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08.12.05 Issue #179
To Catch a Thief

Sally McKenzie, CEO
The McKenzie Company

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Yours is a tight knit group. These people have been with you a long time, and you're proud of that. You've heard the horror stories about embezzling employees, but you don't have to worry about a thief among your team. After all, you're a good judge of character, if there were a shady member of the crew you'd spot 'em in an instant and they'd be gone.

What you don't realize is that the profile of an embezzler reads like a character out of a best-selling Who Done It novel. The enemy among you is your seemingly most loyal, apparently most honest, and outwardly most dedicated employee. She's got you so buffaloed that you wouldn't suspect her of taking an extra hors d'oeuvre at the holiday party let alone several thousand dollars from your practice.

Certainly, I don't mean to disparage every hardworking, dedicated employee, but the common refrain heard again and again in embezzlement cases is the most trusted employee is the one pilfering the practice. And as a small business owner you are a prime target for embezzlement. In fact, the Association of Certified Fraud Examiners found that small businesses were hit with the same median losses as large employers. While the Fortune 500 will likely bounce back, embezzlement can cripple your practice.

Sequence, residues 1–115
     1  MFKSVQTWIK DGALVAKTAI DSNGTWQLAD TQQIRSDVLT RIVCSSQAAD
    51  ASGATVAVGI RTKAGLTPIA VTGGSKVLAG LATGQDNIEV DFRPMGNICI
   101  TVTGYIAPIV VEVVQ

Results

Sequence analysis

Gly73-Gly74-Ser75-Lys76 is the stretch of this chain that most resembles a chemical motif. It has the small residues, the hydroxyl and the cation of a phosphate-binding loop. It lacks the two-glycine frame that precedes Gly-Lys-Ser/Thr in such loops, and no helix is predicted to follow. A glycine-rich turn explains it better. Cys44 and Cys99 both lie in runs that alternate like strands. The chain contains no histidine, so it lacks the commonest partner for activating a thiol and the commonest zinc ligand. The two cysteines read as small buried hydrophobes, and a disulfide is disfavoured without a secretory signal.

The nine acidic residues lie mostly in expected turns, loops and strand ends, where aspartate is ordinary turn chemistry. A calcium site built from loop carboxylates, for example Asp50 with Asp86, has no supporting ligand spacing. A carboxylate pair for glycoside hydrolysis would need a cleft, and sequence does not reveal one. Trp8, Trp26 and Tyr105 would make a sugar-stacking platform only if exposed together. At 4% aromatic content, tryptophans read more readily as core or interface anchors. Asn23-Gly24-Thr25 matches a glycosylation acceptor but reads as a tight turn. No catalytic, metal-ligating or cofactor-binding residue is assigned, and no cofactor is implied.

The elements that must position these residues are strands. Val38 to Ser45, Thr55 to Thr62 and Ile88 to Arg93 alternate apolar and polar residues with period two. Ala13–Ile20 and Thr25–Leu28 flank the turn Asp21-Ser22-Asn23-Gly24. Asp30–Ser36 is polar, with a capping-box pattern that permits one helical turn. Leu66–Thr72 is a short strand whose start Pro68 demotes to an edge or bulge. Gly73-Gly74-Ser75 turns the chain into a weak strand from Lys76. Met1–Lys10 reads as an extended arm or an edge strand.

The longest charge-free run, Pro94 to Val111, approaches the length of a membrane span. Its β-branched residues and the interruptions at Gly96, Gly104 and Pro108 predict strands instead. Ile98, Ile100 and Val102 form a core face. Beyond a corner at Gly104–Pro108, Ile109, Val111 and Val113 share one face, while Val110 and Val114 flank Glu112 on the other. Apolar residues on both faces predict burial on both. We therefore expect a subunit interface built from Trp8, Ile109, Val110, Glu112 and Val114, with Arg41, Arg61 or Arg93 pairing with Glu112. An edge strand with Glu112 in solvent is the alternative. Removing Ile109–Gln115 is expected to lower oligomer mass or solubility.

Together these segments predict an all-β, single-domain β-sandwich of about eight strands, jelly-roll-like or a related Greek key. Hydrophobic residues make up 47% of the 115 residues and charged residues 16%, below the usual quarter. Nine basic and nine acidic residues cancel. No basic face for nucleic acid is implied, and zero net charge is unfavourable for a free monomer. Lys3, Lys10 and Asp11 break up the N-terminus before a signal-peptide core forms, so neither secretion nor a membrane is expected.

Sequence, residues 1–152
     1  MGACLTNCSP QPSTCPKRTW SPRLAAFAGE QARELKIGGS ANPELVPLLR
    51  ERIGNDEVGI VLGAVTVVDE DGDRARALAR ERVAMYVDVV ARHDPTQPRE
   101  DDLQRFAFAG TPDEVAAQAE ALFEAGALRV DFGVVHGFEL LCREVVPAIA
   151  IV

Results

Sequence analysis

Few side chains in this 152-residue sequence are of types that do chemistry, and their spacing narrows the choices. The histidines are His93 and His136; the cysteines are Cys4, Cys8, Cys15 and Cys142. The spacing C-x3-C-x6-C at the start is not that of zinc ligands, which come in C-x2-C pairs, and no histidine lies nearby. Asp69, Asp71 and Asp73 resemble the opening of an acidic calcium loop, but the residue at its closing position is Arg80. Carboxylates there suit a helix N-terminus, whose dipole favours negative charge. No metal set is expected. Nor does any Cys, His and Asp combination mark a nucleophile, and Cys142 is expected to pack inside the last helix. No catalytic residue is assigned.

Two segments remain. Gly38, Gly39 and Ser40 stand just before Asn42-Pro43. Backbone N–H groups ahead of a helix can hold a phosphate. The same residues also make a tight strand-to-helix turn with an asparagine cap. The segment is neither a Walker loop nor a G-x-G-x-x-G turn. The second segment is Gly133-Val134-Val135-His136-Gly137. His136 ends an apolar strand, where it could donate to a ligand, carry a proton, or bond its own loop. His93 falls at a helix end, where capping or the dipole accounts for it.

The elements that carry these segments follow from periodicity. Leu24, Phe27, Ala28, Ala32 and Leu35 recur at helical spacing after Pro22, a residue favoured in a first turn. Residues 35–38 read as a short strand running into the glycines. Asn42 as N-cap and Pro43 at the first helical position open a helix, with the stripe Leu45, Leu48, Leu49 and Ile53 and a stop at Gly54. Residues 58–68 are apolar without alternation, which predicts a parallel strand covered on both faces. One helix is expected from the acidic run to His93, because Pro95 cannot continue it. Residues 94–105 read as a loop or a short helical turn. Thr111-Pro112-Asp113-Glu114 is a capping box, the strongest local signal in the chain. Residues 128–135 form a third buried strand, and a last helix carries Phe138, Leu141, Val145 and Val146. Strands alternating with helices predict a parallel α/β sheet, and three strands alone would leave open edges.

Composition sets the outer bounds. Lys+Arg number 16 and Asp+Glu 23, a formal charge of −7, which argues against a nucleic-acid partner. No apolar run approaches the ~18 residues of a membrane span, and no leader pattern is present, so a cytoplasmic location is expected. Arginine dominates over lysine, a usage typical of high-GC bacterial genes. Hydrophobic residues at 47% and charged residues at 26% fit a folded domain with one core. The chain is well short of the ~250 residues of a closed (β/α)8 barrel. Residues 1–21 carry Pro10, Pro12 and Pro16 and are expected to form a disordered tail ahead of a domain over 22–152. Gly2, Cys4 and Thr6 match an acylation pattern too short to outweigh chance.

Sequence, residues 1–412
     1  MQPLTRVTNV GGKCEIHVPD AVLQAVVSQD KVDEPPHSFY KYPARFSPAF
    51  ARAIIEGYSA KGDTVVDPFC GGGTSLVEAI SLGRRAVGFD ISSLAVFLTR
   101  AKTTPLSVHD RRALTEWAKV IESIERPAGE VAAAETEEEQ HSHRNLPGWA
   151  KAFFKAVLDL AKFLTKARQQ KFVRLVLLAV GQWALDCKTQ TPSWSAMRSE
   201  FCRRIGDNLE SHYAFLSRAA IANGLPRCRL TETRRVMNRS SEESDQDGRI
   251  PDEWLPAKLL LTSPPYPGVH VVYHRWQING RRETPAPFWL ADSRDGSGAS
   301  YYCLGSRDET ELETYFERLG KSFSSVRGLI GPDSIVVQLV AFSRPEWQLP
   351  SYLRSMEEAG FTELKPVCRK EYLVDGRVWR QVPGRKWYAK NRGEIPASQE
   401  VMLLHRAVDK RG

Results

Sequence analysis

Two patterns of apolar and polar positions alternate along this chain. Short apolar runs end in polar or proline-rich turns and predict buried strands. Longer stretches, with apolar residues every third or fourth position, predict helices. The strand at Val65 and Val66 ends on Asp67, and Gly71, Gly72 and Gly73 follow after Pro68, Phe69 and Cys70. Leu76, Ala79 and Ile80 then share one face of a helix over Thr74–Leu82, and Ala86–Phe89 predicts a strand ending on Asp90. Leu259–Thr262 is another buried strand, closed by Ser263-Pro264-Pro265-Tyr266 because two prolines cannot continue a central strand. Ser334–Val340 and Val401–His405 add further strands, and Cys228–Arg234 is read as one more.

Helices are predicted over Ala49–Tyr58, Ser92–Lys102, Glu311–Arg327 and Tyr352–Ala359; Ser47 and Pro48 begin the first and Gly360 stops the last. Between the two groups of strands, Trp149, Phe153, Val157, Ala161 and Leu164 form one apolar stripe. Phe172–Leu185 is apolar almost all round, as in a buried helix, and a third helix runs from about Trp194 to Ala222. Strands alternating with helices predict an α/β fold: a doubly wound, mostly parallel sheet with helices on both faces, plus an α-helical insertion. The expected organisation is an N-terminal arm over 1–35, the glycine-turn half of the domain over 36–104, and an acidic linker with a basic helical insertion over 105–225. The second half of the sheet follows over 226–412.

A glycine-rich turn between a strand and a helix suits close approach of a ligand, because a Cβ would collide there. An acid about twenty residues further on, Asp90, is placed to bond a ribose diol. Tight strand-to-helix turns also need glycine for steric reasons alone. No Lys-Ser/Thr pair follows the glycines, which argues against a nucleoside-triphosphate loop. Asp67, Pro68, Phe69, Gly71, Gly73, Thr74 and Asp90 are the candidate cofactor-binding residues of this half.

In the dental office, the most common type of embezzlement is the misappropriation of the practice's cash and checks by the office manager or individual responsible for day-to-day accounting. The office manager knows the systems, the practice, and the patients. She knows the deposits, the vendors, who pays with cash, who pays with check. She knows what goods the suppliers provide and she knows what they charge. Her greatest asset is that she understands your practice so well. Your greatest liability is that she understands your practice so well. When it comes to practice finances, follow the Ronald Reagan maxim, trust but verify. Take steps to make sure you're not taken to the cleaners.

  • Review your deposit tickets on a regular basis. The average amount of cash in a practice is 2-5%. Yours may be more or less, but whatever the amount it should not change significantly from month-to-month.
  • Do not depend on just one person to handle the practice accounting. Insist on cross-training staff to work at the front desk.
  • Establish a system in which all employees who use the computer must log on with personal identification codes.
  • Remember embezzlers love the "hands-off" dentist because they know you are never looking over their shoulder. Learn how to access key reports. And only you should have exclusive access to certain reports such as the Audit Trail and other production/collection reports that your staff doesn't need on a regular basis.
  • Review all your invoices and sign all checks. Make sure there is an invoice for every check written.